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James Leon Dowdy v. Michael J. Astrue

January 31, 2013


The opinion of the court was delivered by: Margaret A. Nagle United States Magistrate Judge


Plaintiff filed a Complaint on July 19, 2011, seeking review of the denial of his application for supplemental security income ("SSI"). On August 18, 2011, the parties consented, pursuant to 28 U.S.C. § 636(c), to proceed before the undersigned United States Magistrate Judge. The parties filed a Joint Stipulation on March 12, 2012, in which: plaintiff seeks an order reversing the Commissioner's decision and remanding this case for the payment of benefits or, alternatively, for further administrative proceedings; and the Commissioner requests that his decision be affirmed or, alternatively, remanded for further administrative proceedings.


On October 5, 2007, plaintiff filed an application for SSI. (Administrative Record ("A.R.") 12.) Plaintiff, who was born on April 23, 1962 (A.R. 22), claims to have been disabled since January 1, 2002*fn1 (A.R. 12), due to both mental and physical problems, including depression, paranoia, suicidal thoughts, hallucinations, obsessive compulsive disorder, drug dependency, mood swings, left knee replacement, inability to handle stress, and asthma. (A.R. 222.)

After the Commissioner denied plaintiff's claim initially and upon reconsideration, plaintiff requested a hearing. (A.R. 12.) On January 22, 2009, plaintiff, who was represented by an attorney, appeared and testified at an initial hearing before Administrative Law Judge Michael

D. Radensky (the "ALJ"). (A.R. 12, 29-59.) Vocational expert Troy Scott also testified. (A.R. 29-59.) However, plaintiff did not appear for the supplemental hearing held on February 18, 2010, because he was incarcerated. (A.R. 12, 60-82.) Appearing and testifying at that time were independent medical expert David Glassmire and vocational expert David Rinehart. (Id.) On April 2, 2012, the ALJ denied plaintiff's claim (A.R. 12-24), and the Appeals Council subsequently denied plaintiff's request for review of the ALJ's decision (A.R. 1-4). That decision is now at issue in this action.


The ALJ found that plaintiff has not engaged in substantial gainful activity since October 5, 2007, his application date (A.R. 14), and has the following severe impairments: "degenerative disc disease in the neck and back; degenerative joint disease in the left knee; mood disorder, not otherwise specified; anxiety disorder, not otherwise specified; [and] polysubstance abuse." (A.R. 15.) The ALJ found that plaintiff's impairments, including his substance abuse disorders, meet sections 12.04(c)(2) and 12.09 of 20 C.F.R. Part 404, Subpart P, Appendix 1 (20 C.F.R. § 416.920(d)). (Id.)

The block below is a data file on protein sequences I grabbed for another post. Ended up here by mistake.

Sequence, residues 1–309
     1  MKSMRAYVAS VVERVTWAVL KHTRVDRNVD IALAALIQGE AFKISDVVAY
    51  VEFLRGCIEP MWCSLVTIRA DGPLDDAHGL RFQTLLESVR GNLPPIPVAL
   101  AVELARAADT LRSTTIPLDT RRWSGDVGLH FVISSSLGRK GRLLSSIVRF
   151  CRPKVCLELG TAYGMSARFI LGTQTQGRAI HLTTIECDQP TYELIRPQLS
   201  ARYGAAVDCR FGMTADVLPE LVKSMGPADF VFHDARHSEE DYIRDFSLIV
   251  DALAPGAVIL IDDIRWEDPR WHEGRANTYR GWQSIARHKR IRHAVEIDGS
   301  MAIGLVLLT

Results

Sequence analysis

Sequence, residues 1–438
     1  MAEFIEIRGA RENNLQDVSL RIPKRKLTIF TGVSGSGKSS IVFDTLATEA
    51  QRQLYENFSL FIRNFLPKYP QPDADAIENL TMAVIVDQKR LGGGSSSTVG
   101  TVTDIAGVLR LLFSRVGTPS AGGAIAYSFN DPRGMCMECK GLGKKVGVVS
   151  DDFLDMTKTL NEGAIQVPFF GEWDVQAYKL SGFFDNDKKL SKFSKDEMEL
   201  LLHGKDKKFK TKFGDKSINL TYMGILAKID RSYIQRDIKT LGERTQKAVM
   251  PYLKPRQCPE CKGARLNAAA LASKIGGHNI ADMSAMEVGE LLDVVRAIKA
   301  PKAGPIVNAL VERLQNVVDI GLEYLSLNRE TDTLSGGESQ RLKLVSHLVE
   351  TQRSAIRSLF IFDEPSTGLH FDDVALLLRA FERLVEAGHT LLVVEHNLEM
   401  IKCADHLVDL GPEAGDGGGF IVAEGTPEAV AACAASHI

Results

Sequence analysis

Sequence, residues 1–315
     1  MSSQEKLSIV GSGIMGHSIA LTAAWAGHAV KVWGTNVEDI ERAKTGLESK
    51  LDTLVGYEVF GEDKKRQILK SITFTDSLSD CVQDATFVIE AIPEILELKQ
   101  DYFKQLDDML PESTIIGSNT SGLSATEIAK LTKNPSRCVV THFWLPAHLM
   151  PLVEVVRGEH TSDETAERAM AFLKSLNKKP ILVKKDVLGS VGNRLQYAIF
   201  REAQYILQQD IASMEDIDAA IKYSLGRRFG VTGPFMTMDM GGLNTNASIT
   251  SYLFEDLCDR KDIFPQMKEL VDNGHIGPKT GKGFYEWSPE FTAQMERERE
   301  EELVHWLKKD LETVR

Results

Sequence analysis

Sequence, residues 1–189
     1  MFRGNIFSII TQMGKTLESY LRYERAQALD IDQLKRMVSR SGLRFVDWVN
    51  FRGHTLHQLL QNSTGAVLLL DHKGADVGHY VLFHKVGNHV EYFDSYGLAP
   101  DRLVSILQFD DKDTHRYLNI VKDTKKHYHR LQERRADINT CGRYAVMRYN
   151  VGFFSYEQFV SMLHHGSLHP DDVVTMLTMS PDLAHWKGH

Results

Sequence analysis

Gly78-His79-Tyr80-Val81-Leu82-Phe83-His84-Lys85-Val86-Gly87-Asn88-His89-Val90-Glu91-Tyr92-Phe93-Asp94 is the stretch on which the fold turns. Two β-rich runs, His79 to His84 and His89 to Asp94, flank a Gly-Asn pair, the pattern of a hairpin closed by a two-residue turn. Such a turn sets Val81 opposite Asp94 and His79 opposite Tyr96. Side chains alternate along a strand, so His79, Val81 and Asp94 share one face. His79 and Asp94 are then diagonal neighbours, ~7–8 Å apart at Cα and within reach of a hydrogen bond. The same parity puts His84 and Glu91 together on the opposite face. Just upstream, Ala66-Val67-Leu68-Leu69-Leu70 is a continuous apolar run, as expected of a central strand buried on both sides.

The ALJ found that, even if plaintiff stopped abusing substances, his remaining limitations would constitute a severe impairment or combination of impairments. (A.R. 15.) However, the ALJ further found that plaintiff nonetheless would not have an impairment or combination of impairments that meets or medically equals any of the impairments listed in 20 C.F.R. Part 404, Subpart P, Appendix 1 (20 C.F.R. § 416.920(d)). (Id.)

After reviewing the record, and presuming that plaintiff had stopped his substance abuse, the ALJ determined plaintiff would have the residual functional capacity ("RFC") to perform light work as defined in 20 C.F.R. § 416.967(b). (A.R. 16.) Specifically, the ALJ found that plaintiff: could lift and/or carry 10 pounds frequently and 20 pounds occasionally; [plaintiff] could stand and/or walk 2 hours in an eight-hour workday, and sit for 6 hours in an eight-hour workday; he could occasionally balance, stoop, kneel, crouch, crawl, or climb ramps, stairs, ladders, ropes, or scaffolds; [he] could frequently, but not constantly, use his right hand; is limited to simple repetitive tasks; he is precluded from interacting with the public, but he is allowed only non-intense interaction with co-workers and supervisors; [plaintiff] is precluded from tasks requiring hypervigilance or fast paced work.


With those limitations, the ALJ concluded that plaintiff would be unable to perform his past relevant work. (A.R. 22.) Given plaintiff's*fn2 RFC, age, education, work experience, and the testimony of the*fn3 vocational expert, the ALJ found that plaintiff could perform a significant number of jobs in the national economy if he stopped his substance abuse. (Id.) Specifically, the ALJ noted that plaintiff could work as "an electronics worker, a sewing machine operator, and an addresser." (A.R. 23.) Accordingly, the ALJ concluded that, because plaintiff would not be disabled if he stopped his substance abuse, plaintiff's substance abuse disorder is a contributing factor material to the determination of disability under 20 C.F.R. § 416.935. (Id.)

Thus, the ALJ found that plaintiff has not been disabled within the meaning of the Social Security Act at any time from the date the application was filed through the date of his decision. (A.R. 23.)